English Jesuit priest Henry Garnet was initially an Anglican but later converted to Roman Catholicism. After teaching Hebrew at a college in Rome, he went back to England as a missionary. Accused of being involved in the Gunpowder Plot against King James I, he was hanged to death in 1606.
Elizabeth Barton was an English Catholic nun best remembered for her prophecies. Although her prophecies, which were fairly accurate, made her popular, they eventually led to her death. Her prophecy against Henry VIII was deemed fake and she was executed for treason. Barton continues to be revered by churches like the Anglican Catholic Church.
Thomas Hooker was an English colonial leader. Hooker is credited with founding the Colony of Connecticut and is hence referred to as the Father of Connecticut. Thomas Hooker, who played a major role in the development of colonial New England, was one of the founders of the state of Connecticut as well as the city of Hartford.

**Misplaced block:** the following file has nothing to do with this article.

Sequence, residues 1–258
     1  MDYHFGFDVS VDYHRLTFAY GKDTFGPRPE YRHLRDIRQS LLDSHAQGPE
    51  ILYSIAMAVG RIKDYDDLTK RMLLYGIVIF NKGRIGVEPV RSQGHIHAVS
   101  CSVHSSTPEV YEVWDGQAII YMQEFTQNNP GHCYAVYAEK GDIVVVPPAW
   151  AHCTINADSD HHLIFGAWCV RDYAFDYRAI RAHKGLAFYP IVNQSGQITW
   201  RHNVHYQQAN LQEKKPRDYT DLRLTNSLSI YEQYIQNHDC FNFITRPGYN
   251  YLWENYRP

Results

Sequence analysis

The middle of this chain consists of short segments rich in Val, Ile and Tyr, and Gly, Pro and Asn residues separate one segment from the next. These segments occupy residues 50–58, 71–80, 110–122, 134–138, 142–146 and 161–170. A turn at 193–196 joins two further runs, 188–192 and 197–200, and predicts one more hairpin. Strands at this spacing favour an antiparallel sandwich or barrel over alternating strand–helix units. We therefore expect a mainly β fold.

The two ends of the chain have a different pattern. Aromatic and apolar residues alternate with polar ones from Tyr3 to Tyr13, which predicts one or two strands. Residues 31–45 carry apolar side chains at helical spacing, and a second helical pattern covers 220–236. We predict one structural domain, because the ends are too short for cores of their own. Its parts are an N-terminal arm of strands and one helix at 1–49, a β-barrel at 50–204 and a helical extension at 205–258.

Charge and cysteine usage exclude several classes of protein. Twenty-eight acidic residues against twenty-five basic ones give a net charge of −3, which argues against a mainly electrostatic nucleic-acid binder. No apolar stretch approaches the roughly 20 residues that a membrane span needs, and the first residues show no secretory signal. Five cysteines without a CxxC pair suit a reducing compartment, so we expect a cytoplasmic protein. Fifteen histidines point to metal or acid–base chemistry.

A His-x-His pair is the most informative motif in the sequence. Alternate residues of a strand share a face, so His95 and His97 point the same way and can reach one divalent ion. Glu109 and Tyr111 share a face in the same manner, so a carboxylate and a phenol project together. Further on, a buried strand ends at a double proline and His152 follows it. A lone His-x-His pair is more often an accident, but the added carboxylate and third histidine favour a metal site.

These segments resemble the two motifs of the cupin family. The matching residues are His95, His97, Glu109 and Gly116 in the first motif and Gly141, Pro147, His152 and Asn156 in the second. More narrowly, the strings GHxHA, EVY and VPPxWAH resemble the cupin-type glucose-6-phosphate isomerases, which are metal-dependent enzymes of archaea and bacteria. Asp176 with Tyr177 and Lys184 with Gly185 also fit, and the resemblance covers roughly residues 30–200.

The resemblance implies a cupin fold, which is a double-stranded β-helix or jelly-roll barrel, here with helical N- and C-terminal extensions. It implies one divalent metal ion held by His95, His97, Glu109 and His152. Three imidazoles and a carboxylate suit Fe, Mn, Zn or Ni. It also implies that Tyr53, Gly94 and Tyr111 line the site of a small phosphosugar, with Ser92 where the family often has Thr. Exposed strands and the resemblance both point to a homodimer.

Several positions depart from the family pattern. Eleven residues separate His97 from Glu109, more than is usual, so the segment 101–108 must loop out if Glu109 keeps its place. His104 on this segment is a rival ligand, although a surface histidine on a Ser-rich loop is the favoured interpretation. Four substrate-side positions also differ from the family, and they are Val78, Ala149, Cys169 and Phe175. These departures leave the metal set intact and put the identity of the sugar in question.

Son of a tax collector, Francisco Jiménez de Cisneros spent 6 years in prison only because he wouldn’t give up on his claim to a rightful benefice. Part of the Spanish Inquisition, he opted for forced conversions of Muslims to Christianity, which caused the Moorish revolt of Moriscos.
Spanish priest Diego de Landa was one of the most significant Mayan researchers. A Franciscan missionary to Mexico, he initially helped the Mayan people through his charitable efforts and conversions. However, he later inflicted a lot of torture and brutality on them and also burned most of the Mayan manuscripts.